Bedford College, London
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Bedford College was founded in London in 1849 as the first higher education college for women in the United Kingdom. In 1900, it became a constituent of the University of London. Having played a leading role in the advancement of women in higher education and in public life in general, it became fully coeducational in the 1960s. In 1985, Bedford College merged with Royal Holloway College, another constituent of the University of London, to form Royal Holloway and Bedford New College (RHBNC). This remains the official name, but it is commonly called Royal Holloway, University of London (RHUL).
History of Bedford College
The college was founded by Elizabeth Jesser Reid (née Sturch), a social reformer and anti-slavery activist, who had been left a private income by her late husband, Dr. John Reid, which she used to patronise various philanthropic causes. Mrs. Reid and her circle of well-educated friends were firm believers in the need for improving education for women. In 1849, she leased a house at 47 Bedford Square in the Bloomsbury area of London and opened the Ladies College in Bedford Square. The intention was to provide a liberal and non-sectarian education for women, something no other institution in the United Kingdom provided at the time. Reid placed £1,500 (GBP) with three male trustees and persuaded a number of her friends to serve on the management committees and act as teaching professors.
At the outset, the governance of the College was in the hands of the Ladies Committee (comprising some influential women) and the General Committee made up of the Ladies, the professors of the college and three trustees. The General Committee (later the Council) soon took over the running of the College, while the Ladies Committee directed the work of the Lady Visitors, who were responsible for the welfare and discipline of the students, and also acted as their chaperones. Initially the professors were shocked by the generally low educational standards of the women entering the college, who for the most part came in having had home-based governess education. In response to this, Reid founded a school close to the college in 1853 in an attempt to provide a better standard of entry. In 1860, the college expanded into 48 Bedford Square which enabled it to become a residential establishment. "The Residence" was under the charge of a matron, who introduced the practice of students helping towards the running of the house and keeping their own accounts.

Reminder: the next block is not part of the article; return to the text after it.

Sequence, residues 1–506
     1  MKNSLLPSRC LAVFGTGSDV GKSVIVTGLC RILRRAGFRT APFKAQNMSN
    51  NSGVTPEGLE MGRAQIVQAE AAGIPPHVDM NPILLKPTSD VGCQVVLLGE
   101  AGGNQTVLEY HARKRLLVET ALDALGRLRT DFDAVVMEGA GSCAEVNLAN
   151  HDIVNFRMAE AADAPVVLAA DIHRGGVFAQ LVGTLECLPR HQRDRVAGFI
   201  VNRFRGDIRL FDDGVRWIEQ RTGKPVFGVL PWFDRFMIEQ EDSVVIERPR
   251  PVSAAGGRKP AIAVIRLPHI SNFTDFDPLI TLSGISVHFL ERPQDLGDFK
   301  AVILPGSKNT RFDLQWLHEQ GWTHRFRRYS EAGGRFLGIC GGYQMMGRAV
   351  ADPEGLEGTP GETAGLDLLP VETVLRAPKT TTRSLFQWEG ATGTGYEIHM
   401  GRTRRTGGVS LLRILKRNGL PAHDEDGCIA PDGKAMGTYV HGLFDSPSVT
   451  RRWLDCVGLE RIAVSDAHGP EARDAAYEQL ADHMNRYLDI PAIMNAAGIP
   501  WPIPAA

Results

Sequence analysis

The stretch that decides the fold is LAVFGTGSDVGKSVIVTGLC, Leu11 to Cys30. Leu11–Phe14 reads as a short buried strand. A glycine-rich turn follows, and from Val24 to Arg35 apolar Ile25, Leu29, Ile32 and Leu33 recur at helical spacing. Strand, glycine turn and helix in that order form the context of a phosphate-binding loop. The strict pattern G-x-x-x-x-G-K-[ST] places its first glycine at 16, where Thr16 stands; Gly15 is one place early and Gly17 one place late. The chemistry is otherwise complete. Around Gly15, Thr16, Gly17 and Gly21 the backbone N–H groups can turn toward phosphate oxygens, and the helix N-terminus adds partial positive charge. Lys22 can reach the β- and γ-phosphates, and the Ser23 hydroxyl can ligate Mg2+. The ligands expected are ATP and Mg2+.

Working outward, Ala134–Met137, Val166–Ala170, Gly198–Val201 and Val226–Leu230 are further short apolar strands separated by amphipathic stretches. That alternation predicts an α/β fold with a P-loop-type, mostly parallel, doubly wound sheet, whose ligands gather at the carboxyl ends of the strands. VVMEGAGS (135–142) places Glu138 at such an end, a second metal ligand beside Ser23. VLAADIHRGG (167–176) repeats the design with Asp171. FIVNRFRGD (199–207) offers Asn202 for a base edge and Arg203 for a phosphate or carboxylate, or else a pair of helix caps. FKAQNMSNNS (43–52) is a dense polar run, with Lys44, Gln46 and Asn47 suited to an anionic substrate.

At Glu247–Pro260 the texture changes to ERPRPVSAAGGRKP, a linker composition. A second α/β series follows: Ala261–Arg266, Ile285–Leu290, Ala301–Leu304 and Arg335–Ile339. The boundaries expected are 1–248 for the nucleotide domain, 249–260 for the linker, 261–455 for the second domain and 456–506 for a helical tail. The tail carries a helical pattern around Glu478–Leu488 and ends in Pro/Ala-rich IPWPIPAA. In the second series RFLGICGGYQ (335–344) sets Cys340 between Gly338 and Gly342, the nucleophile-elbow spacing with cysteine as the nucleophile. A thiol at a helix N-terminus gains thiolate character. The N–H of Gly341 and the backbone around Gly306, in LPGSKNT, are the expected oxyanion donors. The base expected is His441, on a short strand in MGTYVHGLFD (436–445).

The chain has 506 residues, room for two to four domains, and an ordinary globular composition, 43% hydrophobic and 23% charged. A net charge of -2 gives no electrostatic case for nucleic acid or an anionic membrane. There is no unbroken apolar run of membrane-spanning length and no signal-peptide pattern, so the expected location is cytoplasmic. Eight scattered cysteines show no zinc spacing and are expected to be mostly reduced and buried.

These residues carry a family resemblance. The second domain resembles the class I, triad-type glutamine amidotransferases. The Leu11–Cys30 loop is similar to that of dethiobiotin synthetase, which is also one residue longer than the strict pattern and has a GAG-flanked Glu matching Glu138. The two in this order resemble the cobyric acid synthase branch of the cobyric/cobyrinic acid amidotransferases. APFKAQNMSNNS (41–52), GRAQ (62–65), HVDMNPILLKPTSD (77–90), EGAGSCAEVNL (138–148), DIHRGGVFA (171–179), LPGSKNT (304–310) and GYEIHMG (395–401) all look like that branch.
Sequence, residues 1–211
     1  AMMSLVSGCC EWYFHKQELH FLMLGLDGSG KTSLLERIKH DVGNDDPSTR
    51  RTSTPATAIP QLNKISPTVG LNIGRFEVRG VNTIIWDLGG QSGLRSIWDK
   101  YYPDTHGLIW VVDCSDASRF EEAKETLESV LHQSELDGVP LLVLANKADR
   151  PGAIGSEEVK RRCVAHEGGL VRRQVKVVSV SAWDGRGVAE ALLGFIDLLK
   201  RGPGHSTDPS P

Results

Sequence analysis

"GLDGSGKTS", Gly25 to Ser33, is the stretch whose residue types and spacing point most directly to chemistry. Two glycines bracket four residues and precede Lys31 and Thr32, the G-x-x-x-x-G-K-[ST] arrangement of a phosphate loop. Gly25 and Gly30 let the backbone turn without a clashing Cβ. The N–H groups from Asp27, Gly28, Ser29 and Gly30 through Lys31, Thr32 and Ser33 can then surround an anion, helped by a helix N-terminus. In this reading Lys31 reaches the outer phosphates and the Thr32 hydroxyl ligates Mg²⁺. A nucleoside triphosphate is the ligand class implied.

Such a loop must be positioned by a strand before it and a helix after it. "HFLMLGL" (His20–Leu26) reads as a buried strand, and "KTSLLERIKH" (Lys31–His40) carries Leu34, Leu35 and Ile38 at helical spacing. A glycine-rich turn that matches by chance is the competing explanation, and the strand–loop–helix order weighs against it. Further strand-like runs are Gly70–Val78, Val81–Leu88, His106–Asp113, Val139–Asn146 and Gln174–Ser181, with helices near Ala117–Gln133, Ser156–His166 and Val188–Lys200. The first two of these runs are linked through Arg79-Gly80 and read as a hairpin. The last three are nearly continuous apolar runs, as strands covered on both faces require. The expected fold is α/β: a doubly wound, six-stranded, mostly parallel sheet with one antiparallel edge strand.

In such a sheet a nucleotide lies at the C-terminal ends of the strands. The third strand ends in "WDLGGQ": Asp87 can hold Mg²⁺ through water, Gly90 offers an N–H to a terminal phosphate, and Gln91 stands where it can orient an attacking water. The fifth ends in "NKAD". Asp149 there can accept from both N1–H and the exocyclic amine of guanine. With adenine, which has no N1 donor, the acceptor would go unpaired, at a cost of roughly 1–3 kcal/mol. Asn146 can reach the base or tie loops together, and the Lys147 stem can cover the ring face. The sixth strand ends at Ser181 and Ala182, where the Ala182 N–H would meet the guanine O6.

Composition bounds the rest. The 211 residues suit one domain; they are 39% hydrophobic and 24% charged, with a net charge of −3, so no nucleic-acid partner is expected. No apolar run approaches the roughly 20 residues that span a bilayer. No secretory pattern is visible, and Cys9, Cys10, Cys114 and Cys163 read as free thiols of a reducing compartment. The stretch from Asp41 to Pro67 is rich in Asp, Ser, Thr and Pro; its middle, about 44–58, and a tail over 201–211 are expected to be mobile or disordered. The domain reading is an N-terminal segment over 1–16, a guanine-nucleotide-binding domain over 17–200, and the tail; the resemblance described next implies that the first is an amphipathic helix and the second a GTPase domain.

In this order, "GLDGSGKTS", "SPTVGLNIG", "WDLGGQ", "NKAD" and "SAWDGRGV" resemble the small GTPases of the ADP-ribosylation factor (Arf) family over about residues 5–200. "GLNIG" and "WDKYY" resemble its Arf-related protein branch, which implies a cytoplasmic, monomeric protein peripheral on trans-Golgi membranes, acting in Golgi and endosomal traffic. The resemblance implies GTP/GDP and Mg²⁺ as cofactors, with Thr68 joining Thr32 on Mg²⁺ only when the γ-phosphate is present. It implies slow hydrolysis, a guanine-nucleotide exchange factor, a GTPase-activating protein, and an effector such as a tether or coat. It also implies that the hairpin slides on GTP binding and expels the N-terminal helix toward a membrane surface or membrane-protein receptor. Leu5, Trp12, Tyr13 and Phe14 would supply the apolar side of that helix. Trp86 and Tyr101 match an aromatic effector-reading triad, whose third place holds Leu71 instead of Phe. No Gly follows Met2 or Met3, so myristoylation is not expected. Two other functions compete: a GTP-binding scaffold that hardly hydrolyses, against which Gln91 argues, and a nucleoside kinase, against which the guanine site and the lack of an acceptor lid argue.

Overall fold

Elizabeth Reid died in 1866 and left the college in the hands of three female trustees. These three women defied the views of the Council that the existing funds should be invested in the running of the school (which was closed in 1868), and instead ensured that the trust fund was used to improve conditions and teaching at the college and establish it as a fully fledged institute of higher education. The trustees insisted upon a new constitution (as the college had no legal charter at the time). The Council was replaced by a Committee of Management, and the college was reconstituted as an Association under the Board of Trade and officially became known as Bedford College.
In 1874, the Bedford Square lease expired and the college moved to 8 and 9 York Place, off Baker Street. The two houses acted as one, with the college using the downstairs rooms and the upstairs being the Residence. As numbers began to rise, the college expanded with the addition of extensions housing science laboratories. In the late-1870s, an entrance examination was introduced and a preparatory department set up for those who did not meet the standards required for college-level entry.